EuroPoint: The international media is fretting about EU states snubbing the US by joining the Chinese-led Asian Infrastructure Investment Bank. Yet this is not a zero-sum game. For the EU, membership in the AIIB is a win-win situation and will not affect the partnership with America. Better questions rest in the power arrangement/distribution of seats on the fund’s executive board, and the impact of the promised less bureaucratic funds disbursement process.
On December 10, 2014, a train pulled up at the Abroñigal Freight Train terminal in Madrid after completing the maiden voyage of “the longest rail link in the world.” The train’s 30 container cars travelled 8,111 miles from Yiwu, China carrying 1,400 tons of cargo – toys, stationary, and other items for sale over Christmas. It returned back with wine, jamón, and olive oil just in time for the Chinese New Year in February.
It takes three weeks for a container to arrive to Europe by train from China as opposed to six weeks by ship.
Five freight trains a week already link Chongqing with Duisburg, and Beijing and Hamburg along what Beijing calls the “New Silk Road” economic corridor. Such projects are part of a larger financial and infrastructure strategy developed by China.
China’s rise as the world’s second largest economy has not been mirrored in the world of global financial governance. This is about to change as China is using a small part of its $3 trillion in currency reserves to set up the Asian Infrastructure Investment Bank (AIIB), an investment fund similar to the American-led IMF, World Bank, and the Japanese-led Asian Development Bank (ADB).
The Obama administration tried to dissuade its allies from joining the Chinese-led investment bank, questioning whether the new institution would abide by international standards of transparency, creditworthiness, and environmental sustainability.
It came as a surprise even to China when the U.K. and Luxembourg first announced they would join the AIIB. France, Germany, and Italy followed suit the next day. By the March 31 deadline, twelve EU member states were among the 40+ countries that applied for membership. Among them are traditional US allies such as Taiwan (!), Australia, Israel, South Korea, Norway, and Egypt. Even Russia and Brazil applied.
China Daily Cartoon Perpetuating the Narrative of US Versus China Choice source: © Song Chen via China Daily
“German-American relations are excellent and aren’t at stake in the decision to join the AIIB” said Frank Paul Weber, spokesperson for Germany’s Ministry of Finance.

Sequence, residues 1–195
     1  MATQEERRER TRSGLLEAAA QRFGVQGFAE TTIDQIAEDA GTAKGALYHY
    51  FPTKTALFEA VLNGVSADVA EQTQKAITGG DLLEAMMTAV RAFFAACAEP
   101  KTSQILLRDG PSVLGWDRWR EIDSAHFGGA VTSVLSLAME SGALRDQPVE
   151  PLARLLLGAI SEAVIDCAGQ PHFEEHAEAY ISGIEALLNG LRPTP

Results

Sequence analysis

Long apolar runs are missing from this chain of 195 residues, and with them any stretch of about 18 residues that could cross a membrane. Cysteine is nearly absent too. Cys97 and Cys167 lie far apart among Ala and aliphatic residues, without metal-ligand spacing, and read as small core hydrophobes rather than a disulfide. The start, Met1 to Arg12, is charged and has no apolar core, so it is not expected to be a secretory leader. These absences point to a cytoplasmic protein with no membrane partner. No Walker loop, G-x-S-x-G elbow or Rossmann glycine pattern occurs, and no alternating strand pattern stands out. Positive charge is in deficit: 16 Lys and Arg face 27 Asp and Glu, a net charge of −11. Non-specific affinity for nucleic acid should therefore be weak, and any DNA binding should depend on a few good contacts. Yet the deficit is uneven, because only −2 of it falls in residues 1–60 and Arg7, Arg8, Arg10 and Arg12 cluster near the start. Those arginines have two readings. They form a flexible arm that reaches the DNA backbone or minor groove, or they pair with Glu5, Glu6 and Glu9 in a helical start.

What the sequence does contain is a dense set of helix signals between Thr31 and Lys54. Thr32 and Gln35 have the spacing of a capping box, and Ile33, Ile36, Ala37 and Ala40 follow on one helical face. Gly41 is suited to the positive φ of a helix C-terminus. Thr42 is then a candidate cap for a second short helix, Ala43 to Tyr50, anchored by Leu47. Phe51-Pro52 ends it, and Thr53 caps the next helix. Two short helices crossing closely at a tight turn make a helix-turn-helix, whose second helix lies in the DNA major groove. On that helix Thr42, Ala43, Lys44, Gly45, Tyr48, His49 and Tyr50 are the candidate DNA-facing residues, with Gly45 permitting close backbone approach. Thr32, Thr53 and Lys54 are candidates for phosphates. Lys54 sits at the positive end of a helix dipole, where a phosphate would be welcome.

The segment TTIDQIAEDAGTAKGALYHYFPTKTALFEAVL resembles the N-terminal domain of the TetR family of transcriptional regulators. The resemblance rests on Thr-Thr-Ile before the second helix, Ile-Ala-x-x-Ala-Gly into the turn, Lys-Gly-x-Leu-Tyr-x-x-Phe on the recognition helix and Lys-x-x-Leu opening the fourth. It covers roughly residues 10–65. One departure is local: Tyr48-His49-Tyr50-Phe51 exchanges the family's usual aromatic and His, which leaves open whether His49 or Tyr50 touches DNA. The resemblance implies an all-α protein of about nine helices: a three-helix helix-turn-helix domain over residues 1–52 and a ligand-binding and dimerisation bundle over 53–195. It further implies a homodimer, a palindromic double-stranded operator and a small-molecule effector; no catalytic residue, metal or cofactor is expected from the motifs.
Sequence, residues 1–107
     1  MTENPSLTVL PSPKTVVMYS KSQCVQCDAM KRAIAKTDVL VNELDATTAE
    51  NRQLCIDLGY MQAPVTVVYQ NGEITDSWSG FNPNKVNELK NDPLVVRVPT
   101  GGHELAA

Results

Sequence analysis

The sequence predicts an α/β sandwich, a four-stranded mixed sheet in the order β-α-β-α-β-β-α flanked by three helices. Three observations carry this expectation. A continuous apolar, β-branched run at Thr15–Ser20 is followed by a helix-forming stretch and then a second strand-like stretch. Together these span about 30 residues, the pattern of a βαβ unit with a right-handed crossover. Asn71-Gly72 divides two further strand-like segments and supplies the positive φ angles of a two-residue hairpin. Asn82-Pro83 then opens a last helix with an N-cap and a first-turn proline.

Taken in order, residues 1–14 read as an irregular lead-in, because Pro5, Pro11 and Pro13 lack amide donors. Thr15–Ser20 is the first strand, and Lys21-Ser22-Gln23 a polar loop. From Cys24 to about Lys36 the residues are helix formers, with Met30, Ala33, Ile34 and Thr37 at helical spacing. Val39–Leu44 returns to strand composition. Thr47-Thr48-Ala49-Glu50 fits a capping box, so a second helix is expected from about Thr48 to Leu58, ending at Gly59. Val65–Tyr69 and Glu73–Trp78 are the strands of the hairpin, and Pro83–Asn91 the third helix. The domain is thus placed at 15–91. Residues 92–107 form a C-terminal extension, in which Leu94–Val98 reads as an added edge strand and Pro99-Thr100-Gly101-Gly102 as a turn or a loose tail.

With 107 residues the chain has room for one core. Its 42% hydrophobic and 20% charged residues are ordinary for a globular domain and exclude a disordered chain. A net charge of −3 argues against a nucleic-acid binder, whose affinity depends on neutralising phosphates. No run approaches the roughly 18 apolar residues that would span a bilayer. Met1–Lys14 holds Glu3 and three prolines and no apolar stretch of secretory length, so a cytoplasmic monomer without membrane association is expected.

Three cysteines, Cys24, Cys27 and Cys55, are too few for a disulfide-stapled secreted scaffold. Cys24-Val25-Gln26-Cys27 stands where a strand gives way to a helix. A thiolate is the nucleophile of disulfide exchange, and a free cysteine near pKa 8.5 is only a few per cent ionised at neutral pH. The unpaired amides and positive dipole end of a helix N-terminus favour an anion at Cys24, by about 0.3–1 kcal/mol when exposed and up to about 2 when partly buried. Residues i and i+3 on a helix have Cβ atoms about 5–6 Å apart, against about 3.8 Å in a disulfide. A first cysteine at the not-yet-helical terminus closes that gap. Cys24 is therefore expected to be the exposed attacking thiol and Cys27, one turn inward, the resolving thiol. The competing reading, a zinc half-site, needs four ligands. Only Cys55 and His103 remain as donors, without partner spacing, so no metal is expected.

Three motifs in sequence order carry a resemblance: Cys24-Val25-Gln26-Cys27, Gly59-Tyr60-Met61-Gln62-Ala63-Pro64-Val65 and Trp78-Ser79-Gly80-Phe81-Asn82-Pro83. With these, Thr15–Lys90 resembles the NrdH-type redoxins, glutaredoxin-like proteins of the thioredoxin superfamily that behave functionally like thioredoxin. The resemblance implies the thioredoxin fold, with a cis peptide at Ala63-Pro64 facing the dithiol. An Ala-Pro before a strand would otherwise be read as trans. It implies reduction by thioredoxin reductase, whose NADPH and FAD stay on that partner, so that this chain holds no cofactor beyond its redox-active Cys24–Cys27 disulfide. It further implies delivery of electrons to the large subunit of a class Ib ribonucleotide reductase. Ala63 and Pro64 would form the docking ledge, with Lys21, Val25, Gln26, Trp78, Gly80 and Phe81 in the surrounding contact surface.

Membership in the AIIB would make it easier for EU firms to operate in China and Asia. EU member states would also benefit from expanded infrastructure investment in Asia.
China’s narrative is that the AIIB would be complimentary and not in competition with the IMF, World Bank, and ADB, since there are more than enough investment projects for all institutions to fund. Such projects include reliable electricity, access to clean water, sanitation facilities, and transportation. The World Bank estimates that Asia needs between $8 and $13 trillion in investments before 2020 in order to stay on its economic development path. In this context, AIIB’s prospective $50bn fund is a drop in the bucket.
The Devil is in the Details
In 2010, the Obama administration negotiated with leading world powers an agreement to reform the Washington-led IMF by changing the equity capital quota and hence shifting the voting shares. This would give middle-income countries like the BRICS more power on the fund’s executive board, and reduce the dominance of Western Europe. “Without these reforms, emerging economies may well look outside the IMF and the international economic system that we helped design, potentially undermining the fund’s ability to serve as a first responder for financial crises around the world,” said Nathan Sheets, US Treasury undersecretary for international affairs.
Republicans in Congress have for years stalled the efforts of the Obama administration to pass IMF reform. The latest bid by the Democrats to push funding tied to IMF reform through Congress failed in December 2014.
In the IMF, the U.S. has veto power.
China’s announcement that it would not retain veto power in the newly created AIIB might have been the decisive factor that convinced Western countries to apply.
Out of the 15 –20 seats on the board envisaged by China in the AIIB, only three would be filled by non-regional (non-Asian) member states. This leaves the twelve EU states fighting for those seats. EU countries would also compete over who would host the EU regional office for AIIB, with London, Luxembourg, and Frankfurt as early prospective favorites.
Soft Power Geopolitics
China insists it will not use the AIIB to extend its soft power in Asia. Yet both Washington and Moscow see China’s “railway diplomacy” as weakening their regional influence in Central Asia.
The U.S. has been negotiating separate free trade agreements with the EU (TTIP) and Asia, South America, and Australia (TPP). TPP excludes China. Meanwhile, the EU and China have been prospecting a separate free trade agreement.